Unprecedented profitability in grain farming in the United States has led to an escalation in cash rental rates. Landowners and farmers have found it increasingly hard to agree on an equitable cash rent as crop prices and input costs have experienced significant volatility over the last several years.
Cash lease rates aren’t public knowledge and don’t have a public clearinghouse such as a futures exchange which means information on rates is often sketchy. Farmers with full yield and profit information are often reluctant to share this information with the landowner for fear of rent escalation.
Landowners who know there is a significant value in “fringe benefits” that farmers provide (snow clearing, rock removal, fence-row maintenance, tiling) may be reluctant to recognize this value in the negotiation process.
Word of mouth
Conversations often go like this: Farmer: “I’m only paying $125 per acre for a similar farm.”
Or a land owner might say: “My neighbor is getting $200 per acre for land that isn’t near the quality of mine.” These are often part of the discourse as landowners and tenant farmers negotiate for an equitable lease amount.
Rent surveys are conducted by NASS and many land grant universities in an attempt to provide decision-makers baseline data. NASS has conducted surveys since 2008, surveying farmers regarding cash rental rates they presently pay on farms they rent.
These survey data are summarized and published as an average cash rent by county at www.nass.usda.gov.
Many land grant universities conduct land rental surveys by surveying professionals serving the agricultural industry by asking them their opinion of the level of cash rental rates and land values. These professionals include ag lenders, rural appraisers, farm managers and extension professionals.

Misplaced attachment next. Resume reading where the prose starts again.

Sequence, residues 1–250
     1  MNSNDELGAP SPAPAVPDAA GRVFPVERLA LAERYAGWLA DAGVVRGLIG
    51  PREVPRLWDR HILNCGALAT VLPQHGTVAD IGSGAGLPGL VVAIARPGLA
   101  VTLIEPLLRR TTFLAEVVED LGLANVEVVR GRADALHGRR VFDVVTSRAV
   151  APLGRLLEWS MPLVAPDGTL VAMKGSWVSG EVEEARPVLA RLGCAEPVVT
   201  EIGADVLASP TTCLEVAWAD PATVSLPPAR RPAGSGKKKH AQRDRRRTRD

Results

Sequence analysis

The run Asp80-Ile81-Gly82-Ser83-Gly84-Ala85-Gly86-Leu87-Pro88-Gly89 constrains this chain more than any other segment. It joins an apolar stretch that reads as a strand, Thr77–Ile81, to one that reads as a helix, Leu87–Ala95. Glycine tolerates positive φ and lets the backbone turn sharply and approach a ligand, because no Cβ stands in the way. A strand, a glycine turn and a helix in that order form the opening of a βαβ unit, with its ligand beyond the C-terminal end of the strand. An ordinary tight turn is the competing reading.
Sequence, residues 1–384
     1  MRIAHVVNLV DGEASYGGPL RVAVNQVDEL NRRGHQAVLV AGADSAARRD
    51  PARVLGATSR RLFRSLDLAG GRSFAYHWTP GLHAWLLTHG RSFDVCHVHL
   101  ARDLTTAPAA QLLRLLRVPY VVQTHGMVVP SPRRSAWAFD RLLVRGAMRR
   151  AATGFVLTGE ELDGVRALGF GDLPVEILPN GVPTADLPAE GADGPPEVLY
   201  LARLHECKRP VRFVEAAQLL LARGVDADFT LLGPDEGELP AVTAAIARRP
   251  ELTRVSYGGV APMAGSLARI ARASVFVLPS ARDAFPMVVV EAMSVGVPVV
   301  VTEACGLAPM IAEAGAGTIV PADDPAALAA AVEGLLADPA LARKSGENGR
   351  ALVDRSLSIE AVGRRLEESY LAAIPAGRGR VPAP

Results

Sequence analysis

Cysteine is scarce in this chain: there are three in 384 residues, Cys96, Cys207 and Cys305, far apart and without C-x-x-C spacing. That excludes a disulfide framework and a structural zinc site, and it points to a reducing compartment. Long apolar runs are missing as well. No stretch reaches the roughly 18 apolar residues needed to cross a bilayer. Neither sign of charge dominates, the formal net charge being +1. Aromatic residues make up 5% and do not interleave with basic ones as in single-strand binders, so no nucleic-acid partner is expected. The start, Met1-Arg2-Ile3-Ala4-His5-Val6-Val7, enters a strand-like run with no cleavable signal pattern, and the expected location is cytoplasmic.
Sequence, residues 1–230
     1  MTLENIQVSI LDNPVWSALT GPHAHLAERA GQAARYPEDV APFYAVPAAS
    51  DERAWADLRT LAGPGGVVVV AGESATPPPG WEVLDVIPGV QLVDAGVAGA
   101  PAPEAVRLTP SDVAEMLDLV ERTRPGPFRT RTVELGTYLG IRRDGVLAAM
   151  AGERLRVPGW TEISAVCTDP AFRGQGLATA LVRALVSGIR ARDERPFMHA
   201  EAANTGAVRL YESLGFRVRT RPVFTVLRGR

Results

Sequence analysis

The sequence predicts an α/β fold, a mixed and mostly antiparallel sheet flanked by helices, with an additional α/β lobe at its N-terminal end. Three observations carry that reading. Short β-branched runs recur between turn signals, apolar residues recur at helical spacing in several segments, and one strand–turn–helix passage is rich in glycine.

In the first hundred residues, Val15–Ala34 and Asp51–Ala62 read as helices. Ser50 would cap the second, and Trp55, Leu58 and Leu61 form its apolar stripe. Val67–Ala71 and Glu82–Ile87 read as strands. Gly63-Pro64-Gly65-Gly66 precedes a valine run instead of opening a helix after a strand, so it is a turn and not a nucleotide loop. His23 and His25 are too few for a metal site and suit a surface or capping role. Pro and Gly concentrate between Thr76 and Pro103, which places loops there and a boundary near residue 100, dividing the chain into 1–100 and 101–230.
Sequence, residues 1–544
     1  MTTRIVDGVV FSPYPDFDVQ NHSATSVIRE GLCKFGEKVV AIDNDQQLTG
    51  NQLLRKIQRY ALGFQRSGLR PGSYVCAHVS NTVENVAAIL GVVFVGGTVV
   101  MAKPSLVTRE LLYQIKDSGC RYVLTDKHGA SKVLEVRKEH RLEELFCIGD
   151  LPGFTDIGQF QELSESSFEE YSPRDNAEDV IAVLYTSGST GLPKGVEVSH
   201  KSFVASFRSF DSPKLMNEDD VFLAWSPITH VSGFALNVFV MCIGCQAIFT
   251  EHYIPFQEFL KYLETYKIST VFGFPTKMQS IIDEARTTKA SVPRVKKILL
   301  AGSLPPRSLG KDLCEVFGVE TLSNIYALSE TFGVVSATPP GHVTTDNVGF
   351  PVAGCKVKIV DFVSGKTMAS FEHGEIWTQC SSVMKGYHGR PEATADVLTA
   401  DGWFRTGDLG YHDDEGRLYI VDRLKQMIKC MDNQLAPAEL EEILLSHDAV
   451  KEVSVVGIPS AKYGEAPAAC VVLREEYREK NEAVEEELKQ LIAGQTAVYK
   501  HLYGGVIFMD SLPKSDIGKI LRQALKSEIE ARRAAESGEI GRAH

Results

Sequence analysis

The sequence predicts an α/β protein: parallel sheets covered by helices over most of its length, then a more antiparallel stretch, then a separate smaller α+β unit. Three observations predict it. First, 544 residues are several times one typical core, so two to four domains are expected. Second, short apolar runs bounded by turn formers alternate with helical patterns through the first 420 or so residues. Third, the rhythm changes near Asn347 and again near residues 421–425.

These survey data are summarized and published as averages by land production class and by region.
Survey results typically yield lower rents than land grant university survey results for average land production class. Two issues likely drive the differences in these survey results. First, survey questions from the two separate surveys are not the same.
NASS cash rent surveys ask respondents to report the total cash rent paid and total acreage of cash rented land. Land grant surveys ask respondents to indicate average cash rents for each land production class for recently rented parcels.
This difference may lead land grant survey respondents to return results indicative of marginal cash rents as they are asked to provide data for recently rented parcels.
The NASS survey effort does not stipulate the returned information be from recently rented parcels and may reflect lower rental rates from long-standing rental agreements and/or non-arms-length rental agreements.
The second difference between these surveys is they survey different populations. The NASS cash rent survey effort surveys farmers while most land grant universities survey ag professionals.
Although these survey efforts often do yield different results, both sources of data can be useful.